#### Part 1 functions from PCRS ####
def get_closest(unvisited):
""" Return a tuple from list unvisited that has the shortest distance
(return the first such tuple in case of ties). Assumes unvisited is not
empty.
Parameters:
unvisited-- a list of (city_name, distance) pairs
Return value:
the first tuple in unvisited whose distance is minimum
Side-effects:
None
Examples:
>>> get_closest([('A', 3)])
('A', 3)
>>> get_closest([('A', 3), ('B', 2)])
('B', 2)
>>> get_closest([('A', 3), ('C', 4)])
('A', 3)
>>> get_closest([('A', 3), ('B', 2), ('C', 4), ('D', 2)])
('B', 2)
"""
# Examine every tuple and remember the index of the one with the smallest
# distance so far-- starting with the first tuple.
def find_city(city, city_list):
""" (str, list of (str, int)) -> int
Return the index of the first tuple that contains city in city_list, or
-1 if city does not appear in city_list.
Parameters:
city-- the name of a city to look for (a string)
city_list-- a list of tuples of the form (city_name, distance)
Return value:
the index of the first tuple in city_list that contains city; -1 if no
tuple in city_list contains city
Side-effects:
None
Examples:
>>> find_city('A', [('A', 2)])
0
>>> find_city('A', [('B', 3), ('C', 2)])
-1
>>> find_city('A', [('B', 3), ('C', 2), ('A', 2)])
2
>>> find_city('C', [('B', 3), ('C', 2), ('A', 2), ('C', 4)])
1
"""
def process_line(line):
""" (str) -> (str, str, int)
Process one line from a data file (in the same format as the lines in cities.txt)
to extract the first city's name, the second city's name, and the distance. Return
these values in a tuple.
Parameters:
line-- a single line in the same format as the lines in cities.txt, in the
format specified in the project handout (first city:second city distance)
Return value:
(first, second, distance), where first is the name of the first city,
second is the name of the second city, and distance is the distance
Side-effects:
None
Examples:
>>> process_line("A:B 3")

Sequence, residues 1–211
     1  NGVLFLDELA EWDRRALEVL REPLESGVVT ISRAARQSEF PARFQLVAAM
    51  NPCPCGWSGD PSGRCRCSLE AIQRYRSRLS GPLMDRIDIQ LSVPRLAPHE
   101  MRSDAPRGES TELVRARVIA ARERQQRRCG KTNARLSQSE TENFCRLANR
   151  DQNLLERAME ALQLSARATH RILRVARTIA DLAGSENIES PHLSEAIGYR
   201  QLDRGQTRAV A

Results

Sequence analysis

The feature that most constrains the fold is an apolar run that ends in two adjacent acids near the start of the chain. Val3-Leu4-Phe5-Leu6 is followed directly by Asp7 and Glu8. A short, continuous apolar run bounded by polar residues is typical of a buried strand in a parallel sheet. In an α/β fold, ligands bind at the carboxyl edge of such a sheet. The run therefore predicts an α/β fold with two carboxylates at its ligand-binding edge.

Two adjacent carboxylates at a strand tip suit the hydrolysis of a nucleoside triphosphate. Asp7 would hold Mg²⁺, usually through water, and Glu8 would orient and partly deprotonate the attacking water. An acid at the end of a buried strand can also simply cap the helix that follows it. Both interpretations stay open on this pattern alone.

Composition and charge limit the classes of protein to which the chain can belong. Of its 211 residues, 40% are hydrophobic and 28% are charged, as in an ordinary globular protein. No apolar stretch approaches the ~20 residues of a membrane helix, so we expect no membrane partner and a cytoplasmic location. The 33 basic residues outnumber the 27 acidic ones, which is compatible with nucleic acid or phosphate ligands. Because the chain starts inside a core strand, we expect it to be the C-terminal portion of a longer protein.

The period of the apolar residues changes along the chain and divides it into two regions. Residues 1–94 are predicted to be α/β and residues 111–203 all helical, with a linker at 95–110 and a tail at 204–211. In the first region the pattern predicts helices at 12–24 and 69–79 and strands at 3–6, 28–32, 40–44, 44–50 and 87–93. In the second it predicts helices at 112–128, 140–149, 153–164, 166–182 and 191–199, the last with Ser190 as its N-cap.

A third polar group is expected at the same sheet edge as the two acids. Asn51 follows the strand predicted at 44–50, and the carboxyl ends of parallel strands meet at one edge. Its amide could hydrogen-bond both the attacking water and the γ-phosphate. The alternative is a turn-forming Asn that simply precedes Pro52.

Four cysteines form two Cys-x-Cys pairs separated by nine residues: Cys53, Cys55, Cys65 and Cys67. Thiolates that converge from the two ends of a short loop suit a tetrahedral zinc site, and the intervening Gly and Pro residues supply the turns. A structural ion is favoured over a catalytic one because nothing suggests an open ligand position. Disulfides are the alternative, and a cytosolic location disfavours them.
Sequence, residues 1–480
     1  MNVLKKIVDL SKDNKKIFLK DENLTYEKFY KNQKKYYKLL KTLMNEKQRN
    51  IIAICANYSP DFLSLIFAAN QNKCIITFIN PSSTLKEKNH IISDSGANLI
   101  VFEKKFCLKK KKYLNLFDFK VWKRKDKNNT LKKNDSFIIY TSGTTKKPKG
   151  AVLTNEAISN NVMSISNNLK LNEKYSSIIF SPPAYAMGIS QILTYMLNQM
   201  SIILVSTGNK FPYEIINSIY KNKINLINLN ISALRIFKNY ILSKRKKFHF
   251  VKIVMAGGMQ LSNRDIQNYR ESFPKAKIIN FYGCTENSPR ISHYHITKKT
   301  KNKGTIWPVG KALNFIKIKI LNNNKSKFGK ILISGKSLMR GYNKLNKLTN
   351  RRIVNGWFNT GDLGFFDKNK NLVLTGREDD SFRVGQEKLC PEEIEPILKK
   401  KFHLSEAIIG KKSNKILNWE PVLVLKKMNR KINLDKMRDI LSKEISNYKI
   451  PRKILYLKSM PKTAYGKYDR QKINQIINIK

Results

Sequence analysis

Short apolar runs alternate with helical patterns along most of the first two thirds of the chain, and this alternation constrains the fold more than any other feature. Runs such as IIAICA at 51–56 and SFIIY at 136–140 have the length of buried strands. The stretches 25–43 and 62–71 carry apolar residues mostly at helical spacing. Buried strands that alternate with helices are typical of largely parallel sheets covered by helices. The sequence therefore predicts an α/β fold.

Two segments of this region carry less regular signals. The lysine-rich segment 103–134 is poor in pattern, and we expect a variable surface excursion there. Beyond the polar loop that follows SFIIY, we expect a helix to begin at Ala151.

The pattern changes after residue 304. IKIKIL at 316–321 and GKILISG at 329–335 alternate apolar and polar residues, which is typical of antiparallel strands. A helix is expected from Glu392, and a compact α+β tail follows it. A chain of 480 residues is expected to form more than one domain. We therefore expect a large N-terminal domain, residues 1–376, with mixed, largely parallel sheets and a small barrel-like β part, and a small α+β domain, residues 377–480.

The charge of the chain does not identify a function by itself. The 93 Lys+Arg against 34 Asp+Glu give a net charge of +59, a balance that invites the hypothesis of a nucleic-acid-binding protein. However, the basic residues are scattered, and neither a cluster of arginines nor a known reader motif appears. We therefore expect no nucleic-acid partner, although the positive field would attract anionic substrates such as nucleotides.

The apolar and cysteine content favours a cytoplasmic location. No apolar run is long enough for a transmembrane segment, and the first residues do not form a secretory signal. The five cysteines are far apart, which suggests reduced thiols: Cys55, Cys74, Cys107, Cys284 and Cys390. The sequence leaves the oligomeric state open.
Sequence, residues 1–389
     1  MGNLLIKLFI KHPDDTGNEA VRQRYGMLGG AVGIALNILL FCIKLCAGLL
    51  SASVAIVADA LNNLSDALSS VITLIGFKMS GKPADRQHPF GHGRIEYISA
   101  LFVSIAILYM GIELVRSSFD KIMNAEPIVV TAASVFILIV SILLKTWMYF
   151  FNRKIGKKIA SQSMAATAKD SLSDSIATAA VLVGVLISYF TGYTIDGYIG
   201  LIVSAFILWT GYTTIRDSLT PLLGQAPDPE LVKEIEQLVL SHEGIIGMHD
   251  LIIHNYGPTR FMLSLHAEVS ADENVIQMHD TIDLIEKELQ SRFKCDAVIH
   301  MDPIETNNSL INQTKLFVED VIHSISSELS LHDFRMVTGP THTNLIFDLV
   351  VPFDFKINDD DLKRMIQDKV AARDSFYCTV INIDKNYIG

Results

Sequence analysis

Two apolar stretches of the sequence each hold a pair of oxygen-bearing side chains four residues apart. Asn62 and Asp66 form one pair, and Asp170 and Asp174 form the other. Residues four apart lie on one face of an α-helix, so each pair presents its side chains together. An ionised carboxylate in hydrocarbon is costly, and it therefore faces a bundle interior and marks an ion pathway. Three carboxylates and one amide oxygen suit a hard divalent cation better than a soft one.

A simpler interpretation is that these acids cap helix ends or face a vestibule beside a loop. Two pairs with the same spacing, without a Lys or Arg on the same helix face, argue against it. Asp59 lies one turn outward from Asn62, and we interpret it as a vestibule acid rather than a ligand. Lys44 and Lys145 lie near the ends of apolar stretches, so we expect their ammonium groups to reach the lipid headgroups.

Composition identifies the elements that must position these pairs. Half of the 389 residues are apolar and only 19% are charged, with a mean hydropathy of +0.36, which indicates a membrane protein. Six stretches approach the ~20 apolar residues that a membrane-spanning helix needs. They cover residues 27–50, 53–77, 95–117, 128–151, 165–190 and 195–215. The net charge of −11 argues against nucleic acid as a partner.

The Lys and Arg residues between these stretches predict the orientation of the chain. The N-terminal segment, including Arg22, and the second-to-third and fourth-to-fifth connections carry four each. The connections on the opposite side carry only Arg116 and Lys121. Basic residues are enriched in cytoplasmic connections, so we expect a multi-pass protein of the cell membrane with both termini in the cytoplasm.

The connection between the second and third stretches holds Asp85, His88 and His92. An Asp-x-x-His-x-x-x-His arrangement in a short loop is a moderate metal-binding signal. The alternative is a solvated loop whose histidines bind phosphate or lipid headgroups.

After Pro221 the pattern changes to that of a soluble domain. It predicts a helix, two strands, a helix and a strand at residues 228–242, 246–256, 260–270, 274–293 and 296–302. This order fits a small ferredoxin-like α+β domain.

('A', 'B', 3)
>>> process_line("some city:B 2")
('some city', 'B', 2)
>>> process_line("A:other city 5")
('A', 'other city', 5)
"""
def build_adjacent_distances(lines):
""" Read distances between cities from the lines read from data,
which is in the same format as cities.txt, and
return a dictionary structure that contains all of this information.
Parameters:
lines -- a list of lines read in from data in the same format as
cities.txt
Return value:
a dictionary whose keys are city names and whose values are lists of
pairs of the form (city_name, distance).
The cities must be sorted in alphabetical order.
(Note: sorted([('B', 3), ('A', 2)]) returns [('A', 2), ('B', 3)]
Side-effects:
None
Examples:
# The second line below violates style guidelines (it is too long), but
# is shown this way so you can use it for testing.
>>> build_adjacent_distances(lines) # assuming lines are the lines of cities.txt
{'Toronto': [('New York', 3), ('Mexico City', 7), ('San Francisco', 6)], 'San Francisco': [('Washington', 5), ('Mexico City', 3), ('Toronto', 6)], 'New York': [('Toronto', 3), ('Washington', 2)], 'Washington': [('New York', 2), ('San Francisco', 5)], 'Mexico City': [('San Francisco', 3), ('Toronto', 7)]}
"""
def get_all_cities(city_to_city_dist):
""" Return a list of all the cities that appear in the dictionary